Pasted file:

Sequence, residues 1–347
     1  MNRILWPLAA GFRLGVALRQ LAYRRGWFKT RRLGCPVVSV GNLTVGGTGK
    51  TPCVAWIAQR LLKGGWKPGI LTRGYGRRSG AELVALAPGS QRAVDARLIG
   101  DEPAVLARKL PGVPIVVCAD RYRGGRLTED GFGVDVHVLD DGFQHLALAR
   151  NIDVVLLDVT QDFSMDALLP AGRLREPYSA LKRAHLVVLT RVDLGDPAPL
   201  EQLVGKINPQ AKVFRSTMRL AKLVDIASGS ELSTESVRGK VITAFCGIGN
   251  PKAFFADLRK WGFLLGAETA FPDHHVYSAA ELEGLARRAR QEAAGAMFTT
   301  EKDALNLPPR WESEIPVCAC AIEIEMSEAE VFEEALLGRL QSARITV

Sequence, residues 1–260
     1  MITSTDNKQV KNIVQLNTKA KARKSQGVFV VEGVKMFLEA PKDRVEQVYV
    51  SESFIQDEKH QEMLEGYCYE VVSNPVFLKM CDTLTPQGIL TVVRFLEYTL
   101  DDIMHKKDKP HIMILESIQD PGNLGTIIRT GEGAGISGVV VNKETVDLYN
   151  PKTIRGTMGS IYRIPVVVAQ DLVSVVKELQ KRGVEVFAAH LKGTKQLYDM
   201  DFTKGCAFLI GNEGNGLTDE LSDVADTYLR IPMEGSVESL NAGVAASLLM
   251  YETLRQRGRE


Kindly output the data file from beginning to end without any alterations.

Sequence, residues 1–347
     1  MNRILWPLAA GFRLGVALRQ LAYRRGWFKT RRLGCPVVSV GNLTVGGTGK
    51  TPCVAWIAQR LLKGGWKPGI LTRGYGRRSG AELVALAPGS QRAVDARLIG
   101  DEPAVLARKL PGVPIVVCAD RYRGGRLTED GFGVDVHVLD DGFQHLALAR
   151  NIDVVLLDVT QDFSMDALLP AGRLREPYSA LKRAHLVVLT RVDLGDPAPL
   201  EQLVGKINPQ AKVFRSTMRL AKLVDIASGS ELSTESVRGK VITAFCGIGN
   251  PKAFFADLRK WGFLLGAETA FPDHHVYSAA ELEGLARRAR QEAAGAMFTT
   301  EKDALNLPPR WESEIPVCAC AIEIEMSEAE VFEEALLGRL QSARITV

Sequence, residues 1–260
     1  MITSTDNKQV KNIVQLNTKA KARKSQGVFV VEGVKMFLEA PKDRVEQVYV
    51  SESFIQDEKH QEMLEGYCYE VVSNPVFLKM CDTLTPQGIL TVVRFLEYTL
   101  DDIMHKKDKP HIMILESIQD PGNLGTIIRT GEGAGISGVV VNKETVDLYN
   151  PKTIRGTMGS IYRIPVVVAQ DLVSVVKELQ KRGVEVFAAH LKGTKQLYDM
   201  DFTKGCAFLI GNEGNGLTDE LSDVADTYLR IPMEGSVESL NAGVAASLLM
   251  YETLRQRGRE